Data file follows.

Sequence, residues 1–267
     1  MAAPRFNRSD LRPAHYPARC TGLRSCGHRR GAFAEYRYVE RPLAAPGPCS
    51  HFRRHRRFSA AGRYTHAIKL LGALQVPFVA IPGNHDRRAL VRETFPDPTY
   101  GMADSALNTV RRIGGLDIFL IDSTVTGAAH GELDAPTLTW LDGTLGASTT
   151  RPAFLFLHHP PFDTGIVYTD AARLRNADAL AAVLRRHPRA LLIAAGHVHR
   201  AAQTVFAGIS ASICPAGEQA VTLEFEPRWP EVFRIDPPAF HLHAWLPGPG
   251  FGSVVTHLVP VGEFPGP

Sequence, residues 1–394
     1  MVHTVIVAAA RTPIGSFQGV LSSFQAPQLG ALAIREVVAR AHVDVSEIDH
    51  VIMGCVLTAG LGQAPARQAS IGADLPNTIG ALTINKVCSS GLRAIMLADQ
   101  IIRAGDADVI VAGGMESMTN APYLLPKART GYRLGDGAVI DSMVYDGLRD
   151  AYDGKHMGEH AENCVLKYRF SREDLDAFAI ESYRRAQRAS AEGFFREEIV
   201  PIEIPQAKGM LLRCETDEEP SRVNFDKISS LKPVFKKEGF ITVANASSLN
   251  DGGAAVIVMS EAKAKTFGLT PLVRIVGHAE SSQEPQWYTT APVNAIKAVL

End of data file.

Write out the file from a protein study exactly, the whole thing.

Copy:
Sequence, residues 1–267
     1  MAAPRFNRSD LRPAHYPARC TGLRSCGHRR GAFAEYRYVE RPLAAPGPCS
    51  HFRRHRRFSA AGRYTHAIKL LGALQVPFVA IPGNHDRRAL VRETFPDPTY
   101  GMADSALNTV RRIGGLDIFL IDSTVTGAAH GELDAPTLTW LDGTLGASTT
   151  RPAFLFLHHP PFDTGIVYTD AARLRNADAL AAVLRRHPRA LLIAAGHVHR
   201  AAQTVFAGIS ASICPAGEQA VTLEFEPRWP EVFRIDPPAF HLHAWLPGPG
   251  FGSVVTHLVP VGEFPGP

Sequence, residues 1–394
     1  MVHTVIVAAA RTPIGSFQGV LSSFQAPQLG ALAIREVVAR AHVDVSEIDH
    51  VIMGCVLTAG LGQAPARQAS IGADLPNTIG ALTINKVCSS GLRAIMLADQ
   101  IIRAGDADVI VAGGMESMTN APYLLPKART GYRLGDGAVI DSMVYDGLRD
   151  AYDGKHMGEH AENCVLKYRF SREDLDAFAI ESYRRAQRAS AEGFFREEIV
   201  PIEIPQAKGM LLRCETDEEP SRVNFDKISS LKPVFKKEGF ITVANASSLN
   251  DGGAAVIVMS EAKAKTFGLT PLVRIVGHAE SSQEPQWYTT APVNAIKAVL